D-ILA Projectors » Reference Series

ID #1305

Will resolution be lost with a 4k projector when using lens memory to view movies in 2.35-1 on a constant height screen? Or does the 4k up conversion make the use of an anamorphic lens obsolete?

Lens memory is an alternative to using an anamorphic lens. They both have their pluses and minuses. However, one of the key benefits of an anamorphic lens for HD projection is significantly minimized when it comes to 4K projection.

Before we discuss how 4K up-scaling plays into it, let’s first tackle the broad question of “losing” resolution with 2.35:1 movies in HD resolution. Many people don’t realize that a 2.35:1 Blu-ray movie with 1920 x 1080 resolution has an active pixel area of only 1920 x 817. The total HD frame is still 1920 x 1080 pixels, but the black bars at the top and the bottom of the image occupy about 263 pixels of the 1080 available vertical pixels in the frame (1080 – 263 = 817 pixels). It’s important to remember Blu-ray widescreen movies only have 1920 x 817 active or viewable pixels to start with.

Now, let’s compare an HD widescreen 2.35:1 movie displayed on an HD projector using lens memory verses a projector using an anamorphic lens. The lens memory configuration will display the full 1920 x 817 resolution exactly at 2.35:1 aspect, pixel for pixel, from the Blu-ray player. No scaling. No artifacts. No distortions. However, the anamorphic setup requires the 817 vertical pixels to be stretched or scaled up to the full 1080 pixels (normally done by the projector electronics). And then the anamorphic lens horizontally stretches the image back to normal aspect ratio. The process of electronic scaling 817 pixels up to 1080 pixels presents more pixels on the screen, but NOT more picture detail. After all, the widescreen frame only had 817 vertical pixels of picture detail to start with.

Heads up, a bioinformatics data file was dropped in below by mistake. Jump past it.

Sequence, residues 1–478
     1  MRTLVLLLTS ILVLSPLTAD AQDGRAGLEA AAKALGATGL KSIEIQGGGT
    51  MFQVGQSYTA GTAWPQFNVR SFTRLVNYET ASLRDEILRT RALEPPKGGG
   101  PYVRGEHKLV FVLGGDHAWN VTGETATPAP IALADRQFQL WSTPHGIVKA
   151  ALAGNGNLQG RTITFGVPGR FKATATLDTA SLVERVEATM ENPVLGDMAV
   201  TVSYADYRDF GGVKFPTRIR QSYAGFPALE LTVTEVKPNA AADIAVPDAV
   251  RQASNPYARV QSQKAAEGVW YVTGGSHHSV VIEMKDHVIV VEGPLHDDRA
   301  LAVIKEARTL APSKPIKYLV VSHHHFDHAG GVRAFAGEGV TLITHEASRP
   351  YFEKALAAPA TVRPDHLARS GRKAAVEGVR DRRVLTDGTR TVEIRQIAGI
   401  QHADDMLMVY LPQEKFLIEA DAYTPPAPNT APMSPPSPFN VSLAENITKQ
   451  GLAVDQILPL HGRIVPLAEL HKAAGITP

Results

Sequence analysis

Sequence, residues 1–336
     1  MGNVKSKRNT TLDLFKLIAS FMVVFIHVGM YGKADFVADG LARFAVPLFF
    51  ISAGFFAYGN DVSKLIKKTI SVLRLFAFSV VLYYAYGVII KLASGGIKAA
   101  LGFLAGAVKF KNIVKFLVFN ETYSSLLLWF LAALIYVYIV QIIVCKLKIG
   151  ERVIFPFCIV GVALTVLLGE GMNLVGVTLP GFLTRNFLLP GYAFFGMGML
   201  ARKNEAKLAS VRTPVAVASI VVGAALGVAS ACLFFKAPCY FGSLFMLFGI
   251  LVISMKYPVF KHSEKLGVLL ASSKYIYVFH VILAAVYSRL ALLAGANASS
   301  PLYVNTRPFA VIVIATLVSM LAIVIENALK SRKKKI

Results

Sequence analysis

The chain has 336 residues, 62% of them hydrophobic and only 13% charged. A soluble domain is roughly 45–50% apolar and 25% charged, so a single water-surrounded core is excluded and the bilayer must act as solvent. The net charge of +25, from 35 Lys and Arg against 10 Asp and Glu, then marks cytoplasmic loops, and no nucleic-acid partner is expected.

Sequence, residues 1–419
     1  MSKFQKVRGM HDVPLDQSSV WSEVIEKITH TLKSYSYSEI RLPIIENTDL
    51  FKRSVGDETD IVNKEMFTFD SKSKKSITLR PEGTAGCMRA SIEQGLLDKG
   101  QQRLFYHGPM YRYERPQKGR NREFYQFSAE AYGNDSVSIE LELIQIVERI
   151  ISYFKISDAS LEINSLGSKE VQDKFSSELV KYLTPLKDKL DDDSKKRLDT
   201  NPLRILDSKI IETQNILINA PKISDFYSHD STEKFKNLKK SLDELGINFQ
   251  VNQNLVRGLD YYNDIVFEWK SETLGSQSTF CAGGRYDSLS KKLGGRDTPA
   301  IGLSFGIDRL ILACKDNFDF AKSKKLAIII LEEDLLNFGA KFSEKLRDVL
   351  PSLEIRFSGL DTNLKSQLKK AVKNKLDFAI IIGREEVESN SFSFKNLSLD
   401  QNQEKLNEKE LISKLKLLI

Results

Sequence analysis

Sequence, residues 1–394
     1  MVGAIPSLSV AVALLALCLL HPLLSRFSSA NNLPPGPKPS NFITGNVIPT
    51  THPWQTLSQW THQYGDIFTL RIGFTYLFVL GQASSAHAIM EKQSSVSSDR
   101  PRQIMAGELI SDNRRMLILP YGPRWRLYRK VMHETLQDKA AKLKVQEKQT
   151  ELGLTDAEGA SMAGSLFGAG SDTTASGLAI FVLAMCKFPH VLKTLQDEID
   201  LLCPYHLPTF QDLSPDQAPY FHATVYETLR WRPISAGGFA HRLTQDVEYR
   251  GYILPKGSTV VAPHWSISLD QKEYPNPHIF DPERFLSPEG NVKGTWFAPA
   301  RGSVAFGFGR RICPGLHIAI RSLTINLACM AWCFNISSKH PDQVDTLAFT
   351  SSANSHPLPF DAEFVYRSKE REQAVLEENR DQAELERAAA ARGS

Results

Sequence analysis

Okay, back to the 4K element. When 4K up-scaling is performed on an HD widescreen movie it obviously will benefit both the anamorphic lens and the lens memory configurations simply because of higher pixel density and more edge detail (less aliasing, or “jaggies”). However, the marginally higher pixel density that an anamorphic lens offered for HD is not really much of a benefit with 4K projection because of the abundance of pixel density inherent with 4K.

So, now let’s directly answer your two questions:

1) “Will resolution be lost with a 4K projector when using lens memory…?” The answer is “no”.

2) “Does the 4K up conversion make the use of an anamorphic lens obsolete?” The answer is not really, but the higher pixel density of 4K weakens one of the key advantages of an anamorphic lens.

Other advantages of lens memory are the lack of additional lens distortions, and the ability to create a custom lens memory to accommodate closed captioning that is sometimes added onto the black bar at the bottom of the widescreen frame.


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Last update: 2014-04-29 07:35
Author: Ken Bylsma
Revision: 1.0

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